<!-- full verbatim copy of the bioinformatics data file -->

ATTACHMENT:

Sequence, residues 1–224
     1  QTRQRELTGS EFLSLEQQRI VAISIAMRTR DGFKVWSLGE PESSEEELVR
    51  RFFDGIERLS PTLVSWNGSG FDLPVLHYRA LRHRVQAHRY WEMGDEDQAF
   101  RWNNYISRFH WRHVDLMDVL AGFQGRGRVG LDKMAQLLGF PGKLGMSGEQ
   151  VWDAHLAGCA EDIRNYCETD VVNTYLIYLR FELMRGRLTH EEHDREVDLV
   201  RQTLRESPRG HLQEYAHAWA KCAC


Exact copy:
Sequence, residues 1–224
     1  QTRQRELTGS EFLSLEQQRI VAISIAMRTR DGFKVWSLGE PESSEEELVR
    51  RFFDGIERLS PTLVSWNGSG FDLPVLHYRA LRHRVQAHRY WEMGDEDQAF
   101  RWNNYISRFH WRHVDLMDVL AGFQGRGRVG LDKMAQLLGF PGKLGMSGEQ
   151  VWDAHLAGCA EDIRNYCETD VVNTYLIYLR FELMRGRLTH EEHDREVDLV
   201  RQTLRESPRG HLQEYAHAWA KCAC